- Break down complex organic compounds, like nitrogen, into simpler forms that plants can absorb more efficiently.
- Improve the plant’s metabolism, or the plant’s ability to synthesize and transform substances into energy.
- Increase interactions with other beneficial soil microbes.
Additionally, biofertilizers can help control weeds and pests. Specific bacteria or fungi act as natural repellents for those unwanted organisms. For example, Bacillus thuringiensis, or BT, is a widely used microbial pesticide strain of bacteria.
In this way, biofertilizers can reduce the need for chemical pesticides. Especially when chemical pesticides can harm nearby ecosystems when used too frequently or in large doses. This makes biofertilizers an ideal alternative for farmers who want to reduce their reliance on chemical-based pesticides without sacrificing the yield or quality of their crops.
Investments in Technology to Improve Possibilities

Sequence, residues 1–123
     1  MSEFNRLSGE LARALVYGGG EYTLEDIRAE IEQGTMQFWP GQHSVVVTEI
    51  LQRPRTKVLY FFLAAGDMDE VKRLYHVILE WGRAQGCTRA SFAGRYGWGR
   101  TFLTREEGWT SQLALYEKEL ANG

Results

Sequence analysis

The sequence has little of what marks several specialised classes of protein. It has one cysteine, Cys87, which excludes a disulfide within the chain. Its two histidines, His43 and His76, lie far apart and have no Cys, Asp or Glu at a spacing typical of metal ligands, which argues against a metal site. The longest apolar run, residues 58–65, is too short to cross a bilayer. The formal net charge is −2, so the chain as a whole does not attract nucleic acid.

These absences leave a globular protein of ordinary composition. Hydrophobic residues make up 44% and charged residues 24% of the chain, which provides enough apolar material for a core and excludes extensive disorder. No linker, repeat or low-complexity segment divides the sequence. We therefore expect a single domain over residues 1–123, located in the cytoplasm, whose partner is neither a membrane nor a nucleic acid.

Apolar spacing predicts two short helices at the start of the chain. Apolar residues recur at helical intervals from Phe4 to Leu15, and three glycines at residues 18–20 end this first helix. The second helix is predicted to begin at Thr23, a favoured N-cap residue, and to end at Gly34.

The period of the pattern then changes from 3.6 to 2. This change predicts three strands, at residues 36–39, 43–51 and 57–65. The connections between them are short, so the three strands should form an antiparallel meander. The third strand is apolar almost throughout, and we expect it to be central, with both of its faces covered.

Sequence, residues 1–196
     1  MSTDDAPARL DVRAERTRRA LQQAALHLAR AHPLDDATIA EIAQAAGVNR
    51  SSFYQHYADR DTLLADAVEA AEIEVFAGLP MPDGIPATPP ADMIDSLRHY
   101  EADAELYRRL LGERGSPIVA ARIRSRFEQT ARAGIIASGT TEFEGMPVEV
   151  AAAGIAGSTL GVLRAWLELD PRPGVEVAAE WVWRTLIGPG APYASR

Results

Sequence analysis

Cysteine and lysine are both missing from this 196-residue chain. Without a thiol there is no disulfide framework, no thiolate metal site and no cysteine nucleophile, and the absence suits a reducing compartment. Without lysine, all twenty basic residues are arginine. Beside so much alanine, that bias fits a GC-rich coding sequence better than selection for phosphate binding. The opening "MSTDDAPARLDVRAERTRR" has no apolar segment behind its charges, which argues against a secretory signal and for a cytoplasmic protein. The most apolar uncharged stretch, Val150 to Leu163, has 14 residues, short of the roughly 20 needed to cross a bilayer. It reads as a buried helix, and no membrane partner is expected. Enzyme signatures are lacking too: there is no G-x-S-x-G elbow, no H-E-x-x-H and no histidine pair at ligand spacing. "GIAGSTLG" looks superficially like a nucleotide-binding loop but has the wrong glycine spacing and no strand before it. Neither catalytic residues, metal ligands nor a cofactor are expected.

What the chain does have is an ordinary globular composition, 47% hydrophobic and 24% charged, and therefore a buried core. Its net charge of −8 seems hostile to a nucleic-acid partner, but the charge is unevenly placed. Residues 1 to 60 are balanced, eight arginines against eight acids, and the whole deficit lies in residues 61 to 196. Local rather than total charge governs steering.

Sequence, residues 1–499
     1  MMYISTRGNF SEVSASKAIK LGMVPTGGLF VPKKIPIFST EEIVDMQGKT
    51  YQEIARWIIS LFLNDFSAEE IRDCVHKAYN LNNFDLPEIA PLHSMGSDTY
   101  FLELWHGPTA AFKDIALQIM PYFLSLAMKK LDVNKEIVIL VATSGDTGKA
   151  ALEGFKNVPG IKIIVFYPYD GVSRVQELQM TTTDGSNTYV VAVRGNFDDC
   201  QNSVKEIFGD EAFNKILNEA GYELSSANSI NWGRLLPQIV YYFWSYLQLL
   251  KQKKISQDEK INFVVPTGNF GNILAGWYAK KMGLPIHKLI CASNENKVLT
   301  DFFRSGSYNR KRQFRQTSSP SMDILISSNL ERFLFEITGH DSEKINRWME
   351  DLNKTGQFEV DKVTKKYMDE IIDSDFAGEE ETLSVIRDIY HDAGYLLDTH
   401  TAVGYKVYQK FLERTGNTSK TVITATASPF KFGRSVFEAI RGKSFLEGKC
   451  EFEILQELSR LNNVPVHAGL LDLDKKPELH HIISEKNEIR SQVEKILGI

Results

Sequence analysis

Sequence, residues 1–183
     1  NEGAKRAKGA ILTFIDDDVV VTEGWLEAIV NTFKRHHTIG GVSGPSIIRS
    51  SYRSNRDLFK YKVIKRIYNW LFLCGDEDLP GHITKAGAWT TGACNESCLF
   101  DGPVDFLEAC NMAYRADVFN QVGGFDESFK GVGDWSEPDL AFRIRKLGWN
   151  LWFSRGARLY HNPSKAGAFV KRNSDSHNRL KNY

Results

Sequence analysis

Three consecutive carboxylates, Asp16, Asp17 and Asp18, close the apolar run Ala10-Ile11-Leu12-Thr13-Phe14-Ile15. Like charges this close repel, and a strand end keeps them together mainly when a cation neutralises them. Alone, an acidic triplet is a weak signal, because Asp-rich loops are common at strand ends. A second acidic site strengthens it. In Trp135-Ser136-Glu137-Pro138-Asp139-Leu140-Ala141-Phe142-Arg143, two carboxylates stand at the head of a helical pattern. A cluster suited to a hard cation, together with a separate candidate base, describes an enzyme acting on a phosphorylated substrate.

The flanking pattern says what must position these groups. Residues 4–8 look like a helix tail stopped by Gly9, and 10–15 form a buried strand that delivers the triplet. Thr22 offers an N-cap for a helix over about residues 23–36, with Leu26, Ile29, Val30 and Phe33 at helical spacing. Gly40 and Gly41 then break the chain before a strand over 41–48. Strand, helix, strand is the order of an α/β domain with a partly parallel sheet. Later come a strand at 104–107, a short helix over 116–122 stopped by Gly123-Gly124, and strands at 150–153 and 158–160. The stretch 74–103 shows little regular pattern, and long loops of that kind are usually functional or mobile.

Many questions still remain about how to create and apply biofertilizers successfully. Because they are living organisms, their varying shelf life during storage and application is one challenge. It’s also not a one-size-fits-all approach. Results can vary depending on the management practices of each field. Another unknown is how long-lasting the benefits of applying the bacteria are.
“The success of biofertilizers, however, not only depends on selecting specific microorganisms or functions but also on developing new formulations to ensure the survival of inoculated strain(s),” wrote the authors of the 2021 article, Rethinking Crop Nutrition in Times of Modern Microbiology: Innovative Biofertilizer Technologies, published in the journal Frontiers in Sustainable Food Systems. “We suggest that continuous product design, refinement, and validation should be oriented toward optimal and sub-optimal environmental ranges for microbial products (i.e., crop, climate, soil type, and agricultural practices). Finally, significant resource inputs from both [the] public and private sectors are needed to fill critical knowledge gaps in the field.”